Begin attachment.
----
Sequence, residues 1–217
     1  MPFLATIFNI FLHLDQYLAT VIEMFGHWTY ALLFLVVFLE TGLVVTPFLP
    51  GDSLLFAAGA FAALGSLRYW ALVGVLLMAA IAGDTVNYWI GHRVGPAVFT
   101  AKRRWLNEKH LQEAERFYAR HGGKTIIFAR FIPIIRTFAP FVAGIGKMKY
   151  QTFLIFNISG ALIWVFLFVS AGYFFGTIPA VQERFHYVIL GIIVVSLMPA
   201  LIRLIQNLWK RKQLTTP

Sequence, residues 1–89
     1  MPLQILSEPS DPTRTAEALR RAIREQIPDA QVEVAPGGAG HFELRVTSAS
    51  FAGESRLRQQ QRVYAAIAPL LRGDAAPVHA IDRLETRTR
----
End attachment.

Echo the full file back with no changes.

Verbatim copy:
Sequence, residues 1–217
     1  MPFLATIFNI FLHLDQYLAT VIEMFGHWTY ALLFLVVFLE TGLVVTPFLP
    51  GDSLLFAAGA FAALGSLRYW ALVGVLLMAA IAGDTVNYWI GHRVGPAVFT
   101  AKRRWLNEKH LQEAERFYAR HGGKTIIFAR FIPIIRTFAP FVAGIGKMKY
   151  QTFLIFNISG ALIWVFLFVS AGYFFGTIPA VQERFHYVIL GIIVVSLMPA
   201  LIRLIQNLWK RKQLTTP

Sequence, residues 1–89
     1  MPLQILSEPS DPTRTAEALR RAIREQIPDA QVEVAPGGAG HFELRVTSAS
    51  FAGESRLRQQ QRVYAAIAPL LRGDAAPVHA IDRLETRTR